Philippines-based casino operator Bloomberry Resorts Corp says the Singapore High Court has dismissed a petition from two Bloomberry subsidiaries asking the judicial body to “set aside/resist” enforcement of a 2019 final financial award payable to entities linked to U.S.-based Global Gaming Asset Management LLC (GGAM).
Bloomberry developed and operates the Solaire Resort and Casino (pictured), a property that opened in the Philippine capital Manila in March 2013.
The decision made by a Singapore-based arbitration tribunal in September 2019 ordered two Bloomberry subsidiaries – Bloomberry Resorts and Hotels Inc and Sureste Properties Inc – to pay US$296 million to Global Gaming Philippines LLC and GGAM Netherlands BV.
The decision from Singapore’s High Court – the lower tier of the city-state’s Supreme Court – was issued on May 29, said the casino operator in a Monday filing. The High Court had already in January dismissed an appeal by the Blomberry units.
The case related to the termination of a management services agreement that had existed between the Bloomberry subsidiaries and the entities linked to GGAM. The latter group in turn has links to former casino executive William Weidner.
In September 2016, the international tribunal in Singapore ruled that the Bloomberry subsidiaries were “not justified” in terminating the management services contract with the GGAM unit. The tribunal also affirmed GGAM’s ownership of – and right to sell – the 921,184,056 shares it held in Bloomberry.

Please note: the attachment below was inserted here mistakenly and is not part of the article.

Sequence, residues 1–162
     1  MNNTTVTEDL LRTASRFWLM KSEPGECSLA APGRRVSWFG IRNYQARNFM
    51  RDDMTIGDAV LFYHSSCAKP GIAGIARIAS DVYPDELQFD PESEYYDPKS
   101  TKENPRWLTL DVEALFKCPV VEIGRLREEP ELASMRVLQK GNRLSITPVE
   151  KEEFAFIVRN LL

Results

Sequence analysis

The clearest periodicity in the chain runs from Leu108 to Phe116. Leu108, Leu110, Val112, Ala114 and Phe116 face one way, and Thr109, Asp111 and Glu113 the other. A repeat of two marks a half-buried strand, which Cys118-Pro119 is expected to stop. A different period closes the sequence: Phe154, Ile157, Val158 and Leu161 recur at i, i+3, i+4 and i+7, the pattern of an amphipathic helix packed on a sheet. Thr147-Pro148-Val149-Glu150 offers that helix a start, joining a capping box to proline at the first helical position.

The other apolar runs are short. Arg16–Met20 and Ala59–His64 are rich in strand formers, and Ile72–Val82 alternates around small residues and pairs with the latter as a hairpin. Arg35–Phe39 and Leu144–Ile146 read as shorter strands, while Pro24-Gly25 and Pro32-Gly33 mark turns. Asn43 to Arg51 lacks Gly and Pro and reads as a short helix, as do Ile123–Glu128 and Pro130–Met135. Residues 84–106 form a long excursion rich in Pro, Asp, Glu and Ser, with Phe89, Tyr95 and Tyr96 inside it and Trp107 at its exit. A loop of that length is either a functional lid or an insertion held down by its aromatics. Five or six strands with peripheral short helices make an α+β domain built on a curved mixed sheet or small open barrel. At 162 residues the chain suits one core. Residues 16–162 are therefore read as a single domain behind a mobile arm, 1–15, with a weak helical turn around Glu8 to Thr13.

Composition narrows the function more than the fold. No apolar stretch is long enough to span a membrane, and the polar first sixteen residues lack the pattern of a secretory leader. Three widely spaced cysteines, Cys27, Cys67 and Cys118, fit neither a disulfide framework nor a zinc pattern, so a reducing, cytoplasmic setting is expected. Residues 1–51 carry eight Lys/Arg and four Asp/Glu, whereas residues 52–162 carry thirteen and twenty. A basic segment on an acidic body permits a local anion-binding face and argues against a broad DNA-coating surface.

In Monday’s filing, Bloomberry said the Singapore High Court ruled that a decision - that requires Bloomberry’s units to pay for the shares held by GGAM or take steps to facilitate GGAM’s sale of such shares – “was not outside the scope of the parties’ arbitration agreement”.
The court also “rejected the challenges” based on the “FCPA findings” – a reference to the U.S. Foreign Corrupt Practices Act – and GGAM’s “fraudulent concealment of evidence during the arbitration”.
The costs associated with the case were charged against the Bloomberry subsidiaries, said the parent company. The units have until June 29 to appeal the latest decision to the highest court in Singapore, the Singapore Court of Appeal. The appeal would focus on flaws in the decision, stated Bloomberry.
The casino operator noted that, according to its legal advisors, “the arbitration award is not self-executing and must be confirmed by a domestic court for it to have the legal effect of a judgment” in the Philippines.
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